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Usher Syndrome

What Is Usher Syndrome?

Usher syndrome is an inherited condition that causes a serious hearing loss that is usually present at birth or shortly thereafter and progressive vision loss caused by retinitis pigmentosa (RP).

Retinitis pigmentosa is a group of inherited diseases that cause night-blindness and side vision loss through the progressive degeneration of the retina, the light-sensitive tissue at the back of the eye that is crucial for vision.

Some people with Usher syndrome experience problems with balance.

Symptoms of Usher Syndrome

The symptoms and signs of Usher syndrome depend on the type. Some common symptoms of Usher syndrome are:

  • Hearing loss leading to deafness
  • Loss of vision leading to blindness
  • Balance problems
  • Speech difficulties

Types of Usher Syndrome

Researchers have described three types of Usher syndrome-type I, type II and type III.

Individuals with Usher syndrome type I are nearly or completely deaf and experience problems with balance from a young age. They usually begin to exhibit signs of RP in early adolescence.

Individuals with Usher syndrome type II experience moderate to severe hearing impairment, have normal balance, and experience symptoms of RP later in adolescence.

Individuals with Usher syndrome type III are born with normal hearing but develop RP and then progressive hearing loss.

Can Usher syndrome be treated?

Currently, there is no cure for Usher syndrome. Treatments are aimed at decreasing the symptoms and helping the patient adopt a healthful lifestyle.

How is Usher syndrome inherited?

The Usher syndrome types are inherited as an autosomal recessive trait. This means that an affected person receives one abnormal gene from each of his or her parents. A person who inherits a gene from only one parent will be a carrier, but will not develop the disease.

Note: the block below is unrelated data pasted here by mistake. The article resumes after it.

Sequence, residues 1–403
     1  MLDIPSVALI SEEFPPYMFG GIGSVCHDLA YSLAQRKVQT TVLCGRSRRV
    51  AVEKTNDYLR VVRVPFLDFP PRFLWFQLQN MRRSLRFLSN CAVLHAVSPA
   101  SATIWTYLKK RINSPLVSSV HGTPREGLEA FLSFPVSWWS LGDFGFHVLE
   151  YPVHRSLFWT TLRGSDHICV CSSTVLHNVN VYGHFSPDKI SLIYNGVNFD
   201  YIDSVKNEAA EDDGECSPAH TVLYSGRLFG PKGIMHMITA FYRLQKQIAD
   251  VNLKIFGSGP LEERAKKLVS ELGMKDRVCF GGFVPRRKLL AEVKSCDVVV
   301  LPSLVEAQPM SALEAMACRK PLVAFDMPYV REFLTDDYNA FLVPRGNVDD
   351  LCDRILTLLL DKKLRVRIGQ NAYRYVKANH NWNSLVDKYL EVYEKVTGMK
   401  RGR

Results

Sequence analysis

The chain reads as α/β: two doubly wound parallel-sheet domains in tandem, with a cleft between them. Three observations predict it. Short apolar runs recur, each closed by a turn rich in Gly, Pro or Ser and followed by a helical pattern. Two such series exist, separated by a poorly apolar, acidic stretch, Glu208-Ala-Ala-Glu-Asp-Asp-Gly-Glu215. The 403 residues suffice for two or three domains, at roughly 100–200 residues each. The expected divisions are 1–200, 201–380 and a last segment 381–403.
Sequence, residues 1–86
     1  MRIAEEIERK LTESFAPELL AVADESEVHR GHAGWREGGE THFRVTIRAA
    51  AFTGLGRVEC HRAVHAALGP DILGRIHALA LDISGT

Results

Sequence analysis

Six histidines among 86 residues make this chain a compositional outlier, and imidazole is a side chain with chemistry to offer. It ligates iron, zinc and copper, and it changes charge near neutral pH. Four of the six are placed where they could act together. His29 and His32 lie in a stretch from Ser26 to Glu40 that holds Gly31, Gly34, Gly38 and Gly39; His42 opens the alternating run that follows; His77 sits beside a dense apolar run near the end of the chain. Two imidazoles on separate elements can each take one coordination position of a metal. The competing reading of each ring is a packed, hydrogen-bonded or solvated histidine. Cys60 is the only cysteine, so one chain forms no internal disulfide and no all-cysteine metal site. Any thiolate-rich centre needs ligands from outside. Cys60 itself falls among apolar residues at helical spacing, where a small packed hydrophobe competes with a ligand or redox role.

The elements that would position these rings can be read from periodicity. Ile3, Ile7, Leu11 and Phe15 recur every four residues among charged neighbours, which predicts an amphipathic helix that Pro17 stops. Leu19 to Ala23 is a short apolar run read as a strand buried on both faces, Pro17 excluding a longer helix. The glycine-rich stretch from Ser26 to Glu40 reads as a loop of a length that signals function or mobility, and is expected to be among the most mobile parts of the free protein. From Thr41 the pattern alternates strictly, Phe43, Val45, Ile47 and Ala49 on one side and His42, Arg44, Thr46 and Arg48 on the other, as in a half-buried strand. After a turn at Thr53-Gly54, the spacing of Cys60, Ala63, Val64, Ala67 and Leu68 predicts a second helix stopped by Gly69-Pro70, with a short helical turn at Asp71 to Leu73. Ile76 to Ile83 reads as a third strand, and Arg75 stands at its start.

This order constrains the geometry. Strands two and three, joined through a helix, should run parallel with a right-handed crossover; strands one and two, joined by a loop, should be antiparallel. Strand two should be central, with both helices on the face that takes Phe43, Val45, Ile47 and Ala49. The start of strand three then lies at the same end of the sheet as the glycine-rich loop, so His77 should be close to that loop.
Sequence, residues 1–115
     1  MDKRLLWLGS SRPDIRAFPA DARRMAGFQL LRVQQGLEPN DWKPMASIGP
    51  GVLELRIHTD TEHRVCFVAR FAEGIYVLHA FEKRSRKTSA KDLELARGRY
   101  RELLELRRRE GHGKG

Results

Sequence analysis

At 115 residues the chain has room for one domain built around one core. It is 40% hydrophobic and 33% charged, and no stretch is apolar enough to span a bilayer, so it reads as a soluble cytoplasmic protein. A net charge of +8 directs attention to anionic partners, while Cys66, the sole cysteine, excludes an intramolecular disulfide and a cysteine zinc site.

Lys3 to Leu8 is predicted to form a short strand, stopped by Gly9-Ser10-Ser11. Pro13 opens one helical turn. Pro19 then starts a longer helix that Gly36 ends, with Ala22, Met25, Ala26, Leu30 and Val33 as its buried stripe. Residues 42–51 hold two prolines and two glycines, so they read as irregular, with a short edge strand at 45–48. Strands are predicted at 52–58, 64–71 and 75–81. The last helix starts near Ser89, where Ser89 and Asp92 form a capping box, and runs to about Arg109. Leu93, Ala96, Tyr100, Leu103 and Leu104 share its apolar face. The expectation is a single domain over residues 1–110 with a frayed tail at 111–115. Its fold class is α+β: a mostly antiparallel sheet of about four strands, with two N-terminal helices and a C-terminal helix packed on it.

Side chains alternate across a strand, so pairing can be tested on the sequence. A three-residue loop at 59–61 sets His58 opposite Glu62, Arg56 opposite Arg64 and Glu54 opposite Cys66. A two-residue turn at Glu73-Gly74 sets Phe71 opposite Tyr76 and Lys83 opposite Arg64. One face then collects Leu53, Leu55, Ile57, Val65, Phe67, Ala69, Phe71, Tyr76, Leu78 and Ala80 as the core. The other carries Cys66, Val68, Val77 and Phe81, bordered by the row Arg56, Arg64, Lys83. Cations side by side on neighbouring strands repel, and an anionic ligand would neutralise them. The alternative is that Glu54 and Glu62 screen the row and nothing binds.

A person with Usher syndrome must pass on one disease gene to each of his or her children. However, unless the person has children with another carrier of Usher genes, the individual's children are not at risk for developing the disease. Currently we cannot reasonably test everyone for carrier status, but this may change in the years ahead.

How is Usher syndrome diagnosed?

Since individuals with Usher syndrome have both hearing and visual symptoms, tests are aimed at the hearing and visual systems. Some common tools used to diagnose Usher syndrome are:

  • visual function tests: visual fields and electroretinogram (ERG)
  • a retinal examination
  • hearing tests
  • balance tests for all patients age ten years and older

Although some of the genes that cause Usher syndrome have been identified, the diagnosis is still based on ocular and clinical testing.

Is genetic testing for Usher syndrome available?

At this time, genetic testing for Usher syndrome is done only as part of research projects. This is due to many factors. Usher syndrome is not caused by only one gene. So far, 10 Usher genes have been mapped: 7 for type I, 3 for type II, and 1 for type 3. There are still more genes to find. A few of these genes have been sequenced and described. These are MYO7A, harmonin, CDH23, PCDH15, all causing type I. The usherin gene causes type II disease.

Finding the genes is a very important advance in the fight against Usher syndrome. Further study is required to characterize these genes, and determine how the mutated genes cause Usher syndrome. Additional genes that cause Usher syndrome also need to be identified. Several researchers throughout the world are working on Usher syndrome. Findings from this research may one day allow treatments for Usher syndrome to be developed.

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